UNR Capstone team, Shoe Inn Rebooted (SIR), is developing a manufacturing process for shoe cover cartridges that fill automatic shoe cover dispensers. SIR’s sponsor company, Shoe Inn, sells and distributes automatic shoe cover dispensers and various types of shoe cover cartridges to businesses that operate clean rooms. While Shoe Inn markets their dispensers as “Faster Easier and Safer”, the shoe covers themselves are much more expensive than shoe covers that don’t utilize a dispenser. In an effort to allow Shoe Inn to be more competitive in their market, SIR is developing a more efficient process for producing shoe cover cartridges to reduce the overall cost.
The semi-automated track and jig will consist of a 6-foot long track, made out of hexagonal tubing, with two acme screws (augers) inset. There will also be a jig that is made of the same hexagonal tubing that will hold the final assembled shoe cover cartridges.
Figure 1: 3D model of the track design used for the proof of concept.
Figure 2: 3D model closeup of the clip tubes and the augers that were inserted into the track.
Figure 3: 3D model of the Shoe Inn Rebooted jig design.
Proof of Concept
For the Proof of Concept, three main components were built, assembled, and tested: the auger, track system, and jig. The track was assembled with the auger in place to address SIR’s concerns associated with jamming, shearing, and smooth conveyance of shoe covers down the assembly line. Tolerances were tight due to the size of the components being assembled; because of this, SIR had to ensure that the assembly jig and track were aligned. The results from the POC proved that the augers would convey the shoe covers down the track without jamming and that the interface between the jig and track was aligned correctly for the shoe covers to transition with ease.
Figure 4: Completed shoe cover cartridge.
Figure 5: Shoe cover clip that is used to weave the shoe covers together and move them down the track.
Figure 6: Proof of Concept track.
Figure 7: Proof of Concept jig and track interface.
Design Overview and Manufacturing of the Shoe Cover Cartridge Assembly Line (SCCAL)
The Shoe Cover Cartridge Assembly Line (SCCAL) was designed to expedite the manufacturing process and packaging of shoe cover cartridges. The final design exceeded expectations in both safety and speed by featuring fully encased augers, safety guards in place for all moving components, OSHA approved warning labels and utilizing selected motors to ensure a reliable, repeatable, and fast operation.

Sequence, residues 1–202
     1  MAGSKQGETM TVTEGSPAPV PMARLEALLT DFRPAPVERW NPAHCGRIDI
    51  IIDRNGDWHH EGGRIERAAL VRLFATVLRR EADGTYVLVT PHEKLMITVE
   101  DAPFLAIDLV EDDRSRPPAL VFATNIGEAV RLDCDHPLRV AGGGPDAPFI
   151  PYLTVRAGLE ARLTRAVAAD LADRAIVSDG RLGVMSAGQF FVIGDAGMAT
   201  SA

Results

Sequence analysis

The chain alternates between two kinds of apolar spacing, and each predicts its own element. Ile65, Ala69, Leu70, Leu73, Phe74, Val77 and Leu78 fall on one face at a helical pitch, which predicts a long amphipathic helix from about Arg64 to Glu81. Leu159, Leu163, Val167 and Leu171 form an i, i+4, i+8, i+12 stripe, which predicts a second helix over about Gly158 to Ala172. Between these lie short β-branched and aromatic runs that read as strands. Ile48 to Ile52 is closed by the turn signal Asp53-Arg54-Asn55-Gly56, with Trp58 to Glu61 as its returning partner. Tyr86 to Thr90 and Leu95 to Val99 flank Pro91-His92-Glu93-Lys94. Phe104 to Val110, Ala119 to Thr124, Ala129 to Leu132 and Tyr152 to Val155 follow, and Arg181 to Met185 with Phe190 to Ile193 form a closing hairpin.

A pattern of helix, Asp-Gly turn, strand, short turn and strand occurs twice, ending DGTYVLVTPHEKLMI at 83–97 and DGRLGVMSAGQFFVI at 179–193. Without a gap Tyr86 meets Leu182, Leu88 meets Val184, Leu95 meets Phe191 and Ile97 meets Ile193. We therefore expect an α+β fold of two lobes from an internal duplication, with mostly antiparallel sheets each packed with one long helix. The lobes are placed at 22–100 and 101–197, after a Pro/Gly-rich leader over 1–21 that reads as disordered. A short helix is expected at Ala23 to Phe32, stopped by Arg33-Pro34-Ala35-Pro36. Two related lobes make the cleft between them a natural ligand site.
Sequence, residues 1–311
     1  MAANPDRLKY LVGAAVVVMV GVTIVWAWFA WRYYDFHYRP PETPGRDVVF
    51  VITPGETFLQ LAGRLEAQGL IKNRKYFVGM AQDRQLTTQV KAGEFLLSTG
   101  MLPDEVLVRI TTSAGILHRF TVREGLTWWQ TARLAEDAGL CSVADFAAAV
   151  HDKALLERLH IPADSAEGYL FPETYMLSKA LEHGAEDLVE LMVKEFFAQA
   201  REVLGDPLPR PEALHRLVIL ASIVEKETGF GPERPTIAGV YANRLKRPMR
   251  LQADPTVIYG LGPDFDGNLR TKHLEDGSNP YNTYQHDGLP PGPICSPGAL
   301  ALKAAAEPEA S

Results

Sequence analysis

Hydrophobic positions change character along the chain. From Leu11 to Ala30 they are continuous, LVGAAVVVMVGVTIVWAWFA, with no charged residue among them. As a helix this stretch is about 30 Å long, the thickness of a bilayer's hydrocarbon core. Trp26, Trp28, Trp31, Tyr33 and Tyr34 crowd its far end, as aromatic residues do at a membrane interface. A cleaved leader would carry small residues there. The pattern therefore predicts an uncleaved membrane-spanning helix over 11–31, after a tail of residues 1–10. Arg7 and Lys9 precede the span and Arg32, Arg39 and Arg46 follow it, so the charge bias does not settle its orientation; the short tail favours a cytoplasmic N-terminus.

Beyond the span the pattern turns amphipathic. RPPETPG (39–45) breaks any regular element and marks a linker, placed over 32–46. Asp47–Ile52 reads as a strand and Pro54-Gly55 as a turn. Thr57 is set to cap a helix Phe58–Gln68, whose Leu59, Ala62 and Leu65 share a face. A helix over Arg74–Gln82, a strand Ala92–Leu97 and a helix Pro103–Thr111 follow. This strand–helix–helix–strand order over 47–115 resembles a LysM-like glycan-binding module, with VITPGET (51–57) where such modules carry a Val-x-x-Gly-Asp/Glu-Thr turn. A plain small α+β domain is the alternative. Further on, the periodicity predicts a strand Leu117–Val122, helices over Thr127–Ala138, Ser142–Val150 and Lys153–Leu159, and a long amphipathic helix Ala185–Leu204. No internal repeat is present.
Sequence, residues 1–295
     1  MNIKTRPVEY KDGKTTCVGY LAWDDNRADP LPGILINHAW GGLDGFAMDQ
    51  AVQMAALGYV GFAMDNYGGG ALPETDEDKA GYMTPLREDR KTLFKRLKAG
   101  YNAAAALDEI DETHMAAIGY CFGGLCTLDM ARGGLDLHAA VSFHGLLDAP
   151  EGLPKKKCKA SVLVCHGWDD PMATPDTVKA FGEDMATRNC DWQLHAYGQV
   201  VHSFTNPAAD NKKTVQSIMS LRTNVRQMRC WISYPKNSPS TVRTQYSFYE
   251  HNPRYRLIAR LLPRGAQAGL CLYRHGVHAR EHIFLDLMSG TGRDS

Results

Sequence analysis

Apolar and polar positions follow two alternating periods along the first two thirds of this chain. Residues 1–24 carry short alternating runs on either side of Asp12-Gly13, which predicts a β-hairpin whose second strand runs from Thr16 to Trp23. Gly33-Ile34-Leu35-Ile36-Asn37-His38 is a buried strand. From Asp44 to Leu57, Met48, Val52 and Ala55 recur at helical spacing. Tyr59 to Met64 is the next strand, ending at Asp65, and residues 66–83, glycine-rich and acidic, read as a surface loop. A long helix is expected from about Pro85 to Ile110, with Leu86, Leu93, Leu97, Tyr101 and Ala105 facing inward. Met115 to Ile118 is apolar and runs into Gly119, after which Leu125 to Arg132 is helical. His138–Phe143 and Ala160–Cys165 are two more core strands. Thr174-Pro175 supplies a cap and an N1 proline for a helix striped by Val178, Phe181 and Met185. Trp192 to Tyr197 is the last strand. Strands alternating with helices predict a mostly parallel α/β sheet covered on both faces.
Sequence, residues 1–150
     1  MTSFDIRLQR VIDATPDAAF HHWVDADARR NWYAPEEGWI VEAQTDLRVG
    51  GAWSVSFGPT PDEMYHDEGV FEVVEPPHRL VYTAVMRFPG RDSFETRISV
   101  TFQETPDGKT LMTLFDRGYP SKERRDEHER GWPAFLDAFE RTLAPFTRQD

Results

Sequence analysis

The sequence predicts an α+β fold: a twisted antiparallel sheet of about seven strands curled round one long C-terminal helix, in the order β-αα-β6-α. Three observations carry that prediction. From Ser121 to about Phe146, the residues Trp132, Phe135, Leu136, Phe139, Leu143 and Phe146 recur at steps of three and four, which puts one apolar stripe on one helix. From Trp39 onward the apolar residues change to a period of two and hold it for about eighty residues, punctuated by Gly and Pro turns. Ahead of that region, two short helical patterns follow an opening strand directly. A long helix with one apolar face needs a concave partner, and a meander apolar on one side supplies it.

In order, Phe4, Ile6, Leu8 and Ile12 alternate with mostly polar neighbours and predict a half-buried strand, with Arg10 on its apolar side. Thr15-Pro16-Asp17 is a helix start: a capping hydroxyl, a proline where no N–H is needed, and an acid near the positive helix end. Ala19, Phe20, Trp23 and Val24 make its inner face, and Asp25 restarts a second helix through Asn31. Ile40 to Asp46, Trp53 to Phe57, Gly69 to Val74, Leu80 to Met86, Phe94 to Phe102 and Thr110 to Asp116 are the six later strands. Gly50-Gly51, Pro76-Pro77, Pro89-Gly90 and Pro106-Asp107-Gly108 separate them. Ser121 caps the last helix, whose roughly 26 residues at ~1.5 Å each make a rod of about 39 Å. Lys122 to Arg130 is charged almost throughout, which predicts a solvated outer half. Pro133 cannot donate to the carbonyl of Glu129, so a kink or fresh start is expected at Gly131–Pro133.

Figure 8: End of one auger being milled to accommodate bushing and gear for belt drive system.
Figure 9: Troy squaring up the track assembly.
Figure 10: Troy and Tyler attaching a small aluminum plate to SCCAL track assembly.
Figure 11: Tyler milling out a small section of the track assembly. This opening will allow for the belts to be attached to the augers in order to rotate them.
Figure 12: Belt drive assembly.
Figure 13: Samar wiring up the motors after assembly is complete so the team can begin testing.
Figure 14: 3D CAD model of the final SCCAL structural design.
Figure 15: 3D CAD model of the final SCCAL.
Figure 16: 3D CAD model of the motors, cover, and warning label.
Figure 17: Close up of 3D CAD model of the gears on the augers and motors.
Figure 18: Close up of gates inside the tubes of the assembly jig used to keep the clips from pulling out.
Figure 19: The final prototype of the SCCAL.
Testing of the SCCAL
To test the SCCAL, Shoe Inn Rebooted (SIR) had to come up with project specifications to meet. The most important specification was that one shoe cover cartridge had to be built to completion in 30 minutes or less. Most of our testing was proving our SCCAL prototype would do this.
Table 1: SCCAL project specifications.
Figure 20: Shoe covers being weaved together and being conveyed down the track during the testing process.
Figure 21: Transfering the woven shoe covers onto the assembly jig.
Figure 22: Shoe covers being compressed and bound.
Figure 23: Removal of the completed shoe cover cartridge.
Figure 24: Completed shoe cover cartridge.
Table 2: Project specifications, testing verification and validation, and item closure (was the requirement met).
The SCCAL not only met our project specifications but surpassed our expectations by completing a full shoe cover cartridge in 25 minutes.
Meet the Team
Tyler is a senior mechanical engineering student at UNR and an avid outdoorsman. Graduating in May 2016, he plans on staying in the Reno/Tahoe area to work as an engineer and continuing to pursue his many outdoor hobbies.
Maureen is a senior mechanical engineering student. She received her first degree, a BSBA in Finance, from Old Dominion Univeristy in Norfolk, VA where she was also on the university’s sailing team. Maureen’s first love is sailing but also enjoys skiing and hiking in the Sierras. She is looking forward to a career in mechanical engineering after graduation, where her goal is to make a long-lasting impact on the world.
Troy is graduating in May with a degree in mechanical engineering. After graduation, he will start work as an engineer at Cognito Motorsports, where he will continue his passion for offroad action sports.
Samar is a student double majoring in electrical and mechanical engineering. He will be graduating in May 2016. His goal is to do great engineering work that will have a lasting impact on society. His main focus is in energy and renewable systems. He knows he will be a great engineer for any company.
Born and raised in Reno, Nevada. Justin has a great love of the outdoors and athletics. After graduation, he hopes to work for an engineering company that manufactures mountain bikes, or water sports equipment. He will fill his free time with travel, music, family, and friends.